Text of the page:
The National Guard Armory in Nevada City went up for sale last week. The old tin shed has gone through many changes over the years, having housed the Imaginarium and NCTV, and now the state has declared it as surplus property. They plan to sell it for whatever the current market will bear.
The Armory holds a lot of memories for me. Back in 1970, I aspired to be a concert promoter, mainly because no one else was doing it. During my high school years, there was a fellow (whose name has unfortunately been deleted from my organic data banks) who filled that role. He brought many of the up and coming NorCal bands to the Nevada City Elks Hall, then located above what is now Friar Tuck’s. There was Group “B”, whose bass player, Dickie Peterson, went on to found the heavy metal band Blue Cheer. Then there was the New Breed, who later became Redwing without bassist Tim Schmitt, who joined the band Poco and later The Eagles. There were many other bands who never amounted to much, but we were hungry for anything new during the explosive musical years of the mid-sixties.
The promoter used to let me in free for distributing posters for his dances. He finally quit the music biz after a few years of great shows, and so I decided to pick up the slack myself. This was during the period when many of my friends were starting their own bands, but there were few venues available. Sometimes there were dances at the Seaman’s Lodge in Pioneer Park, but Seaman’s was too small for the kind of psychedelic spectacles we wanted to see.
At first, I rented the Armory directly from the National Guard, but after the guard left, the building was left under the jurisdiction of Nevada City. I rented the building from City Manager Beryl Robinson for $100, and was required to hire an off-duty police officer for $25. I didn’t mind, because the building was big enough to hold two to three hundred bodies and we could accommodate more than one act.
There were some great Northern California bands performing during that period. Trakstod was a heavy metal band originally from Redding, but they had taken up residence in the larger Sacramento market. Sundance was what we called a “horn band” because of their sax section. They were from Chico. Another band was called Brotherhood Rush, featuring a midget keyboard player named Bruce Lee. They were all popular draws in NC, and all of them eventually moved here for a short time.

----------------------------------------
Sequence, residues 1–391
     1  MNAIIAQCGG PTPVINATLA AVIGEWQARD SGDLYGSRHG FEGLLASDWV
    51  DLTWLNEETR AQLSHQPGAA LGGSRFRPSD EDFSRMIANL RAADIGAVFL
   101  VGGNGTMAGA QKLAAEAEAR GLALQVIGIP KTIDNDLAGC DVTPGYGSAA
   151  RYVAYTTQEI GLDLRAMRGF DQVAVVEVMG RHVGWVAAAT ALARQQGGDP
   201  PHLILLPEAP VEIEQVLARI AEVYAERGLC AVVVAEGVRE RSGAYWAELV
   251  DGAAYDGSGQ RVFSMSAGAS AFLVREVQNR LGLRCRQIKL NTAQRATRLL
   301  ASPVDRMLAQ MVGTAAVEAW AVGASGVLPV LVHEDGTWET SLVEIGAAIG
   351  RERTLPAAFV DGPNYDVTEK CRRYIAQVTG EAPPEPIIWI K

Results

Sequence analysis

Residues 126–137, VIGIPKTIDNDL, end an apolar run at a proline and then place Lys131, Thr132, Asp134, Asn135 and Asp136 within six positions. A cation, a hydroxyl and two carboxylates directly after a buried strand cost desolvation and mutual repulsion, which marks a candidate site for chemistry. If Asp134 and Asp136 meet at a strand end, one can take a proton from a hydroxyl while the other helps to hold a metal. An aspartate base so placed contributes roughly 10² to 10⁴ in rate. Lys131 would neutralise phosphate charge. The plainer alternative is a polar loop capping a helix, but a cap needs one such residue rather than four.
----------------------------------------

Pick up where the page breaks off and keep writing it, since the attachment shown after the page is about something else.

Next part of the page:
Trakstod’s wild and crazy singer/guitarist Jimmy Berick eventually recorded an album with Masters Of The Airwaves, and Sundance made one album. Neither band was very successful and both have faded into obscure rock history.
But during that short period of 1970-71, we had some good times and great shows. I partnered with an anti-drug organization called Mother for several shows, titled “Mother’s First Ball”, “Mother’s Second Affair”, and “Mother Goes Into Labor (Day)”.
Eventually, the friends I started bands with years earlier formed new groups like Absalom and Carrie Nation. Their first shows were at the Armory, and later I would travel to Georgia with the Nation on a four year rock’n’roll odyssey.
I gave up promoting shows by 1972. The stress of worrying whether I would make enough money to cover expenses was too much for me, since I didn’t have many resources (or even a job) by that time. Most of the music had moved into the bar scene by then anyway. (I did return to concert promoting briefly in 1980. One show at the Nevada Theatre with Charlie Williams’ band, Mistress, and Thomas Jefferson Kaye.)
I’ll always remember those shows. I doubt that anyone will ever put up a plaque to commemorate those historic dance/concerts, but those of us who were there will never forget.